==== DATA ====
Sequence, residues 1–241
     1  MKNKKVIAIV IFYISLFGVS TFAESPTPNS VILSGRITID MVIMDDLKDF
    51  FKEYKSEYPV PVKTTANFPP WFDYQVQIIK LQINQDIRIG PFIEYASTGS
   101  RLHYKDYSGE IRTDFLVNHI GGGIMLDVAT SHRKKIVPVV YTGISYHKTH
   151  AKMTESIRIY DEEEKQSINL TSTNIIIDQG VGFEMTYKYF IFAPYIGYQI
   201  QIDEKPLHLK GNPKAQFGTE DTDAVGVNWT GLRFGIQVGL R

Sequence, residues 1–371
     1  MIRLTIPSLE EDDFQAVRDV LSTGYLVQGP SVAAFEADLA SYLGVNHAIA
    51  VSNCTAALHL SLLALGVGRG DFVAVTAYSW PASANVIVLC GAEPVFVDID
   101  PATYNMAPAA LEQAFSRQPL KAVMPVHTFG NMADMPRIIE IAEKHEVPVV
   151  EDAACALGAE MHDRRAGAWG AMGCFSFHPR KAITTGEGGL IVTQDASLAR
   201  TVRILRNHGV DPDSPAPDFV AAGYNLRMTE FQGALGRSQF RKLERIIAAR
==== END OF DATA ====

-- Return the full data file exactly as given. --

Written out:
Sequence, residues 1–241
     1  MKNKKVIAIV IFYISLFGVS TFAESPTPNS VILSGRITID MVIMDDLKDF
    51  FKEYKSEYPV PVKTTANFPP WFDYQVQIIK LQINQDIRIG PFIEYASTGS
   101  RLHYKDYSGE IRTDFLVNHI GGGIMLDVAT SHRKKIVPVV YTGISYHKTH
   151  AKMTESIRIY DEEEKQSINL TSTNIIIDQG VGFEMTYKYF IFAPYIGYQI
   201  QIDEKPLHLK GNPKAQFGTE DTDAVGVNWT GLRFGIQVGL R

Sequence, residues 1–371
     1  MIRLTIPSLE EDDFQAVRDV LSTGYLVQGP SVAAFEADLA SYLGVNHAIA
    51  VSNCTAALHL SLLALGVGRG DFVAVTAYSW PASANVIVLC GAEPVFVDID
   101  PATYNMAPAA LEQAFSRQPL KAVMPVHTFG NMADMPRIIE IAEKHEVPVV
   151  EDAACALGAE MHDRRAGAWG AMGCFSFHPR KAITTGEGGL IVTQDASLAR
   201  TVRILRNHGV DPDSPAPDFV AAGYNLRMTE FQGALGRSQF RKLERIIAAR